September 30, 2015
Emerging China – Part 3 of 5
One can’t discuss the global economy without mentioning China’s impact. The commercial real estate industry is no different, as China’s investment in the United States is significant. With recent economic uncertainty in the world’s largest country, what will happen next? At Connect Media, we have put together a special report on Chinese real estate investment that will run throughout the week. In the third installment of our five-part series this week, Connect explores whether or not Chinese capital will continue to flow into U.S. commercial real estate. You can read our first two reports here.
As reports of early U.S. commercial real estate success filtered back to China, so too did demand, increasing activity. JLL and CBRE Group concur that despite recent turmoil in China, it is unlikely the capital tap for U.S. real estate will be shut off, given long-term appetite and favorable investment conditions.
CBRE’s capital markets group recently reported that Chinese outbound-capital flows into global commercial real estate markets exceeded $10 billion in 2014, the first time that Chinese investment eclipsed that mark in one year. Over the past four years, China-sourced outbound flows to commercial real estate experienced a compound annual growth rate of approximately 72 percent, said CBRE. This dramatic rise in investment comes from Chinese institutional, corporate and high-net-worth individuals. CBRE noted that what began with China’s sovereign-wealth funds and tier-one insurers acquiring high-profile trophy assets abroad has now spread to acquisitions by mid-tier insurers and corporate investors.
Drilling down to country-by-country statistics, the United States is experiencing significant interest. JLL pegged Chinese investment in commercial real estate at $1.7 billion in 2014, a jump from $61 million five years earlier, and it notes that capital flow already hit $1.2 billion by mid-year 2015.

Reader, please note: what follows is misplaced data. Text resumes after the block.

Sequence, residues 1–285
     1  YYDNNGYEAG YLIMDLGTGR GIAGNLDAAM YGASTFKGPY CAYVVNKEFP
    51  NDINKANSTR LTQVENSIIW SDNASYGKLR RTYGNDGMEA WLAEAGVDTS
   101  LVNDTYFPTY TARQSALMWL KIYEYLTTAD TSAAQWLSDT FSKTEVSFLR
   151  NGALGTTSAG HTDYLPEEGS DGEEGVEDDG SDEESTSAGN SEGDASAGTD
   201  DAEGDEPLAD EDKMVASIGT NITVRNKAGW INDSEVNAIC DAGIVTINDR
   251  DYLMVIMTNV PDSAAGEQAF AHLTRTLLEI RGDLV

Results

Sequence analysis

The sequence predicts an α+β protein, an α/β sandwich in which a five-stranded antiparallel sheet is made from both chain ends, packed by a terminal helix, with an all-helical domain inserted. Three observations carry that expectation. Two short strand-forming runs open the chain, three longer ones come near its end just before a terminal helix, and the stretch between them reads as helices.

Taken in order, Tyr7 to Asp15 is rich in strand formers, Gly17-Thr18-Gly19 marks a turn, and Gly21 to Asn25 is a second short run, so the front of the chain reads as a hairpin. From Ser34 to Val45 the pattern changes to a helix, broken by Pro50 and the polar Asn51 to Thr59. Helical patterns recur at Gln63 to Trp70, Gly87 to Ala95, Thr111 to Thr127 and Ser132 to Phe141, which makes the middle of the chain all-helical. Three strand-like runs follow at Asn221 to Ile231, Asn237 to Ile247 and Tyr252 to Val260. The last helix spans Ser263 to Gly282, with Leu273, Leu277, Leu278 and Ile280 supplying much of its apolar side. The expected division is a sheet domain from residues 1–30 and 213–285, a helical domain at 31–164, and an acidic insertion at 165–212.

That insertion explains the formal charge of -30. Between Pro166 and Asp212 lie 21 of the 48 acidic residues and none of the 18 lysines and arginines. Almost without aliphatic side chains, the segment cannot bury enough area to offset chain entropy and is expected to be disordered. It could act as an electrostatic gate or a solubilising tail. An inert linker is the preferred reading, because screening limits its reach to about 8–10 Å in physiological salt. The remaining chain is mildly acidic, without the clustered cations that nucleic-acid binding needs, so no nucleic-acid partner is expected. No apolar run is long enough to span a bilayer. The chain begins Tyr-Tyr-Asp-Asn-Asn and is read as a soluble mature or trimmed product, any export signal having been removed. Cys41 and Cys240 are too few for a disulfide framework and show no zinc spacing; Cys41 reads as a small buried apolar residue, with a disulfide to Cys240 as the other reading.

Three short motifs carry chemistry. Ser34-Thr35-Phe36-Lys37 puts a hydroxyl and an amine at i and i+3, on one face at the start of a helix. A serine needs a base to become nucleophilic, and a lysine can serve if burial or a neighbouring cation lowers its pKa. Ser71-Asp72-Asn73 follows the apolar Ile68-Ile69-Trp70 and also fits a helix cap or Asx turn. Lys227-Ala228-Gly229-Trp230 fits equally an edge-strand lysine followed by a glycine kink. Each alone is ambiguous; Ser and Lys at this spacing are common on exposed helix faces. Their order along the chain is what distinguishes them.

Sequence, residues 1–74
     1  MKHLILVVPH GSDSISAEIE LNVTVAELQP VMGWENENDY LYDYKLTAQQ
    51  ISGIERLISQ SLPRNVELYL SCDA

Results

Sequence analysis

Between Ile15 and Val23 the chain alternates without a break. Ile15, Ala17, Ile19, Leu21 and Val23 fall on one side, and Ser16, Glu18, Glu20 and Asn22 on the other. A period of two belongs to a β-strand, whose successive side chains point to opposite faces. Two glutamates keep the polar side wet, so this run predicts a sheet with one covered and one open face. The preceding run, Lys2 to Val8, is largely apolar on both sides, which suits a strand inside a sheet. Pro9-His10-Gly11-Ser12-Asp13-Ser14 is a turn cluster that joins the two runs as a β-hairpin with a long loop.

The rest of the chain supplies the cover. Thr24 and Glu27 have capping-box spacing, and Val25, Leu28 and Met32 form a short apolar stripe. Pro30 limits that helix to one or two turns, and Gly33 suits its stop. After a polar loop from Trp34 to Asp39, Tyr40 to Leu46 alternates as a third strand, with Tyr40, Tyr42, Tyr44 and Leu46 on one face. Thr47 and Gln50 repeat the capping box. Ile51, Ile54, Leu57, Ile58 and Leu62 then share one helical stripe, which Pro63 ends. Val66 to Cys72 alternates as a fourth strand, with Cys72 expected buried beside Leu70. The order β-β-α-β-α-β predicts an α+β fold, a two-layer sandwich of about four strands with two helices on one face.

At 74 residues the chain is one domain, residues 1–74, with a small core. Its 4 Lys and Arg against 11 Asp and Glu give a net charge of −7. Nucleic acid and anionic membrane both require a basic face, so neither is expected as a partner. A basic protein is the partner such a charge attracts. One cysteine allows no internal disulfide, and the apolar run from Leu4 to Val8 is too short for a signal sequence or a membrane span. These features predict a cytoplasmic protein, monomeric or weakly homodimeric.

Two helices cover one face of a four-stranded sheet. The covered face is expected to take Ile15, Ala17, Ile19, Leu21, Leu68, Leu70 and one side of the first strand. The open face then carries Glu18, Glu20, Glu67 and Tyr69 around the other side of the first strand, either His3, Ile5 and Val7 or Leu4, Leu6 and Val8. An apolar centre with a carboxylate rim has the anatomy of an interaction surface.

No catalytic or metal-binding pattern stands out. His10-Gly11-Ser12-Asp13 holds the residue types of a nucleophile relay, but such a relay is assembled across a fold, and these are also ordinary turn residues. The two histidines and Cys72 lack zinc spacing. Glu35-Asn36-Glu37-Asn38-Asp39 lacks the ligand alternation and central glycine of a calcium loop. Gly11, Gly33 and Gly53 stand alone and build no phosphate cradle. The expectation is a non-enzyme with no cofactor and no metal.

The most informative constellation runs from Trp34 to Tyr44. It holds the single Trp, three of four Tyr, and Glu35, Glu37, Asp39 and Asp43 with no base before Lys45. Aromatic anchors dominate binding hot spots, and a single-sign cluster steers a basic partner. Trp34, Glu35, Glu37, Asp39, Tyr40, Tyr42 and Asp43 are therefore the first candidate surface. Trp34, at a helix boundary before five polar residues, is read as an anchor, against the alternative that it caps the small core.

Stephen Collins, president of Americas Capital Markets, JLL
“In overall terms, however, this number is fairly small compared to the total U.S. investment volumes, so any short-term market volatility caused by the RMB devaluation is unlikely,” Steve Collins, president of Americas Capital Markets for JLL, told Connect Media.
Expected Short- and Long-Term Impacts
U.K., U.S., and Australian cities are the top three commercial real estate markets for Chinese investors, according to CBRE. They primarily involve residential properties, as well as premium office and hotel assets in gateway cities.
Chris Ludeman, Global President, CBRE Capital Markets
“The explosive growth in purchases of offshore real estate by Chinese investors has presented a new class of investor to global markets,” Chris Ludeman, Global President, CBRE Capital Markets, told Connect Media. “As these investors and developers gain experience and become more confident in overseas markets, we expect that an increasing amount will start to look for opportunities across a wider range of geographies and a greater variety of asset types.”
CBRE found that U.S.-bound flows were more than one-fifth of total outgoing investment from China in 2013 and 2014. Over that two-year period, purchases of hotel and office assets in New York City, Los Angeles, Chicago, Houston and San Francisco accounted for more than 60 percent of U.S. commercial real estate buys. Premium offices and hotels in New York and Los Angeles made up about half of that.
JLL’s Collins reported the movement is toward long-term potential for Chinese investors to support real estate volumes through both direct and debt investment. He offered four key reasons investment should continue despite recent turmoil:
1. Devaluation is important in strategic terms, but unlikely to impact the ability of Chinese investors to afford foreign-exchange (FX)-denominated assets in the short term because the devaluation was small, at three percent, compared to others such as Russia, which got hit with a 50-percent drop.
2. The devaluation underlies the challenges facing the Chinese economy. With GDP at its slowest pace in six years, and five consecutive months of manufacturing contraction, it will drive investors toward risk-free assets such as U.S. Treasuries, keeping downward pressure on yields.
3. Chinese corporations will be forced to more actively manage their FX exposure. Though Chinese corporations are estimated to hold some $1.3 billion of denominated debt, it is matched by its huge FX reserves of more than $3.5 trillion. That will make it more expensive to service this debt, so corporations will be incentivized both to reduce debt levels and store more FX, OR to hold FX-denominated assets as a hedge against future Yuan devaluation.
4. A move to risk-free assets is also driven by Chinese capital. Turmoil effectively creates a wall of Chinese capital looking to invest in low-risk assets with stable returns, supporting the argument for real estate.